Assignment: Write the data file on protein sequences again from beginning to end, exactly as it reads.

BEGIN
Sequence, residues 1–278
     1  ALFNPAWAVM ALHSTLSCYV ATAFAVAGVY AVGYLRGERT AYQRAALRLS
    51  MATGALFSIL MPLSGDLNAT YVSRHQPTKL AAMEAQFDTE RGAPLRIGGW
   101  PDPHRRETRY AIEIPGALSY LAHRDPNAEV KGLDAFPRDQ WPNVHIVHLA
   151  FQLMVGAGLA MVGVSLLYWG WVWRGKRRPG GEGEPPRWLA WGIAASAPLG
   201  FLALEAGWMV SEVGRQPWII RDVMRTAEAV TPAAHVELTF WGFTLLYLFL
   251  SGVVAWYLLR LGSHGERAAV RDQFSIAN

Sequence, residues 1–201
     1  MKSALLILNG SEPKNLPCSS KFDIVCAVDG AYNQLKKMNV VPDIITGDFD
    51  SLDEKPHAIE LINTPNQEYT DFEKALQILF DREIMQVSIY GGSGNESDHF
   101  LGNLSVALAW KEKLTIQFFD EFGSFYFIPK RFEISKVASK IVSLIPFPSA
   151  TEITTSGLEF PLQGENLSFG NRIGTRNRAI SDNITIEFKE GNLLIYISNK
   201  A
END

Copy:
Sequence, residues 1–278
     1  ALFNPAWAVM ALHSTLSCYV ATAFAVAGVY AVGYLRGERT AYQRAALRLS
    51  MATGALFSIL MPLSGDLNAT YVSRHQPTKL AAMEAQFDTE RGAPLRIGGW
   101  PDPHRRETRY AIEIPGALSY LAHRDPNAEV KGLDAFPRDQ WPNVHIVHLA
   151  FQLMVGAGLA MVGVSLLYWG WVWRGKRRPG GEGEPPRWLA WGIAASAPLG
   201  FLALEAGWMV SEVGRQPWII RDVMRTAEAV TPAAHVELTF WGFTLLYLFL
   251  SGVVAWYLLR LGSHGERAAV RDQFSIAN

Sequence, residues 1–201
     1  MKSALLILNG SEPKNLPCSS KFDIVCAVDG AYNQLKKMNV VPDIITGDFD
    51  SLDEKPHAIE LINTPNQEYT DFEKALQILF DREIMQVSIY GGSGNESDHF
   101  LGNLSVALAW KEKLTIQFFD EFGSFYFIPK RFEISKVASK IVSLIPFPSA
   151  TEITTSGLEF PLQGENLSFG NRIGTRNRAI SDNITIEFKE GNLLIYISNK
   201  A